What does come next? I'm not asking when you're reopening the buildings, or what your ratio of people to hand sanitizer looks like ... I'm asking what future God is calling you to build. How has this season changed you, changed your organization, changed your community?
How we have reacted to this season says much about us as individuals, and as a church. What we do next will speak volumes about our priorities as well as our understanding of purpose.
Go, be the church!

Resource Presbyter's Virtual Gatherings 
Our Resource Presbyter will be on vacation from July 30th to August 8th. If there is an emergency, she can be reached at 908-217-7725.  Please leave a message and she'll get back to you as soon as possible.  Office hours, etc. will resume the week of August 9th.
From the Stated Clerk
Greetings Presbytery Friends!

A stated meeting of the Presbytery has been called for 7 p.m. on Tuesday, August 11 via the Zoom platform.

In order to send the docket and supporting materials out in a timely manner, all items of business, reports, requests for time, etc. are due no later than 12 p.m. TODAY (Thursday, July 30).  No time requests or reports will be accepted after the deadline.
Please send all materials and requests to

Thanks to all. 

Pastor Ben

Dates to Remember
August 11         Presbytery Stated Meeting, Zoom  
November 14    Presbytery Stated Meeting, Westminster-Auburn
Around the Presbyterian Church (U.S.A.)
Praying for one another
How a Mission Yearbook prayer and other unexpected prayers helped turn me around

By Donna Frischknecht Jackson
Presbyterians Today
Special to Presbyterian News Service

Just how powerful is prayer?

On Sunday morning I was greeted by an email from a colleague at the Presbyterian Mission Agency with these words: May you feel the love and receive strength from all the prayers coming your way this day.
It turns out my name was listed on Friday's Mission Yearbook devotional - which features short stories on the work Presbyterians are doing and asks for prayers for the ministries being done.

I was surprised, touched and then thankful, for I didn't realize how much I needed this. In an instant, I felt the stress leaving me and my energy returning. As the day progressed, several other emails came from all around the country from people I did not know, all reaching out and telling me that I was in their prayers.

The last email I received was from a new worshiper of my virtual worshiping community, Old Stone Well Farm, telling me how she woke up with me on her mind and that she has been thinking about me and praying for me all day. Her prayers carried me through the rest of my day.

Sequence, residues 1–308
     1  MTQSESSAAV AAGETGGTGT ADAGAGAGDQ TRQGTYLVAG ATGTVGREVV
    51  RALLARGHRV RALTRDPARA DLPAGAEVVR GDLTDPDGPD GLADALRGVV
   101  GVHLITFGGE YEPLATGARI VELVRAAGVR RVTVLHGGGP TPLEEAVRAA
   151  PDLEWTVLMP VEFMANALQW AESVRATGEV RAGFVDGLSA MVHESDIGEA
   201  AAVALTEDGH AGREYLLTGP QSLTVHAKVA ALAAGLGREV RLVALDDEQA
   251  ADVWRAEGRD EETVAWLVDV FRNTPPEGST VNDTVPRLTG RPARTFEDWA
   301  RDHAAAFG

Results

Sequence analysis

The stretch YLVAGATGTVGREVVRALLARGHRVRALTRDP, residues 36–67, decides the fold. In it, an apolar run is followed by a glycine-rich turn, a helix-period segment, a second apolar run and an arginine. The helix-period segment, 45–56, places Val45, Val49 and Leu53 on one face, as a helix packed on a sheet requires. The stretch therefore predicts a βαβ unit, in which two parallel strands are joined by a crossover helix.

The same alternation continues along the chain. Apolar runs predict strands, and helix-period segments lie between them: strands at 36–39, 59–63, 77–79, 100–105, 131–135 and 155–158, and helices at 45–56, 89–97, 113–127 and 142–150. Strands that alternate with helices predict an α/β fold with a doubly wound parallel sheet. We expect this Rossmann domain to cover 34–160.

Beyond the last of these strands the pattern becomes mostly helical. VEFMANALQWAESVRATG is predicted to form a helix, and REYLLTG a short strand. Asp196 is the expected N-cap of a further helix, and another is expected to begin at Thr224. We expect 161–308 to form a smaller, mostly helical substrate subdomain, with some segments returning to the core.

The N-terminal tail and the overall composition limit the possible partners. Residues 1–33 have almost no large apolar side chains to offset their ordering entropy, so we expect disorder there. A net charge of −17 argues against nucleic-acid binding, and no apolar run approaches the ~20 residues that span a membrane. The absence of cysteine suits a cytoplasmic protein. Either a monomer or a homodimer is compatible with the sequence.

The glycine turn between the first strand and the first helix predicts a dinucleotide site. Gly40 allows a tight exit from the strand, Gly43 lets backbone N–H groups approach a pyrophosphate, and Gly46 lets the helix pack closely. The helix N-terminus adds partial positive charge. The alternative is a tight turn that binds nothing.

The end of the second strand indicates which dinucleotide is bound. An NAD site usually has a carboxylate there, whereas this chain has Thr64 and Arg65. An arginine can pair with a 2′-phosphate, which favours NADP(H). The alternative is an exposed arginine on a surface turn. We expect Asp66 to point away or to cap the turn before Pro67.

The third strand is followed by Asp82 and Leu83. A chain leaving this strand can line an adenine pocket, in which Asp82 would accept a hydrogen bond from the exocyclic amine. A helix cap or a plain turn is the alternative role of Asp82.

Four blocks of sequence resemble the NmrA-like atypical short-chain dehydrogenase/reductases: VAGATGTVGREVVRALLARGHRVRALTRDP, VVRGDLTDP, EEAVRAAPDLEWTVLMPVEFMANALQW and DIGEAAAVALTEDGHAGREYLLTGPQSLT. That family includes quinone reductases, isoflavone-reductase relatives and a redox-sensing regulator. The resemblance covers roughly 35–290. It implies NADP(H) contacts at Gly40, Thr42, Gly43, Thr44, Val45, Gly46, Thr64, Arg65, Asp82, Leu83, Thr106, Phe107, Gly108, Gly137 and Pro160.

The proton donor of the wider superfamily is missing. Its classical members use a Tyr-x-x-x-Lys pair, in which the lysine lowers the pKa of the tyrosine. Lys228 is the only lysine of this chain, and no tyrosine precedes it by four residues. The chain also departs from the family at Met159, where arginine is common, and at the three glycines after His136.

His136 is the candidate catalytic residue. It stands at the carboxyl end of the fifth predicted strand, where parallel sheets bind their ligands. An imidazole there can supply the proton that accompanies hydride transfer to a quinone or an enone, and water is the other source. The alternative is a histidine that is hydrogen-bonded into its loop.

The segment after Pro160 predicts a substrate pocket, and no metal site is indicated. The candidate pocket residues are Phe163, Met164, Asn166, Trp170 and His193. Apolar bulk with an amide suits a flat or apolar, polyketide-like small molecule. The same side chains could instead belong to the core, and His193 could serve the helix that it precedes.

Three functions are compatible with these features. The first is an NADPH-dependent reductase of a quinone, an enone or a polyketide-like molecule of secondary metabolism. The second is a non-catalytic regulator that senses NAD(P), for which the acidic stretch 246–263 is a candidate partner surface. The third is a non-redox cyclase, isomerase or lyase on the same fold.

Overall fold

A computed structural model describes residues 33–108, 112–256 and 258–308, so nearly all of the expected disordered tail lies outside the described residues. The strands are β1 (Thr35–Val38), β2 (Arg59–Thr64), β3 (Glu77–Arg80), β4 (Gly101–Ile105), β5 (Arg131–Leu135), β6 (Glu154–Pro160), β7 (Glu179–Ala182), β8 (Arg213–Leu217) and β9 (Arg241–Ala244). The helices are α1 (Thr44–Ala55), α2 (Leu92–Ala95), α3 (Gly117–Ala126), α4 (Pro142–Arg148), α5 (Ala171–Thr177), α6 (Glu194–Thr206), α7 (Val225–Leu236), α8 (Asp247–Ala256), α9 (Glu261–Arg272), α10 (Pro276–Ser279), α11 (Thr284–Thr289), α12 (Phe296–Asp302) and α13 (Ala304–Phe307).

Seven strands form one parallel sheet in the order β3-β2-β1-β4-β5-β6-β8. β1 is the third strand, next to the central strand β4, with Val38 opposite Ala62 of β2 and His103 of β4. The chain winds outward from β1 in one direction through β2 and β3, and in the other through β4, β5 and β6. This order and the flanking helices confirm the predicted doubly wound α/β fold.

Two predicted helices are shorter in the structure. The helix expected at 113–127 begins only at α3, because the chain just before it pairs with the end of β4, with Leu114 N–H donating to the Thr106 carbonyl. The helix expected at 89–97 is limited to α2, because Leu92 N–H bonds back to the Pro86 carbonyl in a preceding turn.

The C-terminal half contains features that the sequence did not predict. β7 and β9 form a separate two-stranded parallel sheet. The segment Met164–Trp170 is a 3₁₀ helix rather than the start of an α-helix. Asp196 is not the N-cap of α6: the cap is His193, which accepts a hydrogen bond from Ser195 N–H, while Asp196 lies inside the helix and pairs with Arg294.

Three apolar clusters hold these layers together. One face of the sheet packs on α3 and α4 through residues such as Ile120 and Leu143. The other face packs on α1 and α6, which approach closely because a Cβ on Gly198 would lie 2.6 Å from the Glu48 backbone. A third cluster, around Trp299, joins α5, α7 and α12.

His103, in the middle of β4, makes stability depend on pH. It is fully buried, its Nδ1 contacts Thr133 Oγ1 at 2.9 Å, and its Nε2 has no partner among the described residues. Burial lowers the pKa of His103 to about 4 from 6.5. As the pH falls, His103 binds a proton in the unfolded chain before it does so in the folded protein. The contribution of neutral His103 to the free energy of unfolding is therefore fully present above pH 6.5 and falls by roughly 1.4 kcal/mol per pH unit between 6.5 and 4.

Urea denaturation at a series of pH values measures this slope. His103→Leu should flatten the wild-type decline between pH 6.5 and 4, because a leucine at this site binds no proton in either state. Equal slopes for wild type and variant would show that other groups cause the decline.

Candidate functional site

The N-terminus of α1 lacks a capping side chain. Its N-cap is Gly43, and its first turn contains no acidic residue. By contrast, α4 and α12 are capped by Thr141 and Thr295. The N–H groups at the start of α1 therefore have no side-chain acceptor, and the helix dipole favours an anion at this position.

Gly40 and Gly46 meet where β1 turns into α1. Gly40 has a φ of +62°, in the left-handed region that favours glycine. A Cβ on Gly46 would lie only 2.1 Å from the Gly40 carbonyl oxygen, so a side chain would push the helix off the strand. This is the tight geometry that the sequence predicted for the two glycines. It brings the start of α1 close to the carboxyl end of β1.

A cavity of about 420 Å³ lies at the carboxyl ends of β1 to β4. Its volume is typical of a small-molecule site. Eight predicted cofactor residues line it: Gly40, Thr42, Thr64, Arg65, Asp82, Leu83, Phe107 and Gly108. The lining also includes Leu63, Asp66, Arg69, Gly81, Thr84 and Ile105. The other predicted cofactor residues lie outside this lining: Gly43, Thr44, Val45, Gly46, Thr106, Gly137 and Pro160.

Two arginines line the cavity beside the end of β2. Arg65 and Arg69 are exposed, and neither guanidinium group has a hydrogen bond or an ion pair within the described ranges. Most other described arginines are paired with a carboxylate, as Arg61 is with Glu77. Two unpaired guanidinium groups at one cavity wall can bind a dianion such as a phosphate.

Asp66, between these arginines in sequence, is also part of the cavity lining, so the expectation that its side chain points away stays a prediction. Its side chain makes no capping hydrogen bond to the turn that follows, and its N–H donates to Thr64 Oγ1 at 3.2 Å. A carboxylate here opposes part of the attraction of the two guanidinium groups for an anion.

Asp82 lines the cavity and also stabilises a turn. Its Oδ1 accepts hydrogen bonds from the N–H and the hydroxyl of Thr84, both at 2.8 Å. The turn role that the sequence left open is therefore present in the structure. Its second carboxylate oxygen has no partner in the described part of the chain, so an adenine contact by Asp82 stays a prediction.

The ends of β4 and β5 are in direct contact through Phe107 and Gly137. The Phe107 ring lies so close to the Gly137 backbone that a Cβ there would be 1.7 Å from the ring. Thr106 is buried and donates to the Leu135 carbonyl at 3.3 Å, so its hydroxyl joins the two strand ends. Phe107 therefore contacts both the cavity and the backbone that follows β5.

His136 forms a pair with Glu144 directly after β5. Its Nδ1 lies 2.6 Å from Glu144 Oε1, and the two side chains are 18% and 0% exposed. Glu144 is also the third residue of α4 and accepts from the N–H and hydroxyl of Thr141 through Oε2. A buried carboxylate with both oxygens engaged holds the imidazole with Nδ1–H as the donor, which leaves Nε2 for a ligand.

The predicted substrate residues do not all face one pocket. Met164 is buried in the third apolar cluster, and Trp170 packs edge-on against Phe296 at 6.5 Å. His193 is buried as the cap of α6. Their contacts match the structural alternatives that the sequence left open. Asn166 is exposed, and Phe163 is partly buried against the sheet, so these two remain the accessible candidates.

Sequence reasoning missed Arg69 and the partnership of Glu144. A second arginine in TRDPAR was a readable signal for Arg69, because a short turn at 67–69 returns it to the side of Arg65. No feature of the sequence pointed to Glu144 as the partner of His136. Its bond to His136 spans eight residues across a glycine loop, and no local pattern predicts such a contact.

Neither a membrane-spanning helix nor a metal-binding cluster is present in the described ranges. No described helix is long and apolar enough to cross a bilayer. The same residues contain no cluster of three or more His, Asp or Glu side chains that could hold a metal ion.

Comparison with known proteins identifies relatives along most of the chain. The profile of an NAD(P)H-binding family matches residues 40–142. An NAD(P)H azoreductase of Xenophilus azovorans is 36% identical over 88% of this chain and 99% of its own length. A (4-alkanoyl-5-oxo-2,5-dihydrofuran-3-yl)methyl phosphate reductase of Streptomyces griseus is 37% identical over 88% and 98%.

I will always remember the first time I experienced how strong and powerful the connection is between brothers and sisters in Christ when we pray for one another. I was going through a rough patch in life, facing many decisions as to what my next steps would be. Specifically, where was God was calling me to serve next? Was it time to leave a congregation? What did God really want from me? What if I made a mistake? What if I was listening more to my wants and desires? I was making myself sick with all the questions swirling in my head.


PC(USA) highlights the power of protest

Office of Public Witness urges Christians to  
get involved in spiritual advocacy

By Darla Carter
Presbyterian News Service

LOUISVILLE - As protests against racism continued in Oregon and other parts of the country, the Presbyterian Church (U.S.A.)'s Office of Public Witness held a webinar this week explaining the importance of challenging the status quo and making one's voice heard through the ballot box.

The Washington office also highlighted the need for Christians to join the fight for justice that has garnered headlines for months now following the deaths of innocent African Americans, such as George Floyd, Ahmaud Arbery, Tony McDade and Breonna Taylor, at the hands of police and white vigilantes.

Protest is not just a form of political engagement but also "a part of our faith," explained the Rev. Jimmie Hawkins, director of the Office of Public Witness (OPW).
"We say that protest for social justice really equals spiritual advocacy and I think that's one of the things that those of us in the faith community really need to hit harder on," said Hawkins, who pointed out that Jesus himself turned over tables when he felt that the temple of God was being misused. "This is a part of how we see God wants us to live."

5811 Heritage Landing Dr., 2nd Floor
East Syracuse, NY  13057
(315) 632-5698
"I am the vine, you are the branches. Those who abide in me and I in them
bear much fruit, because apart from me you can do nothing." John 15:5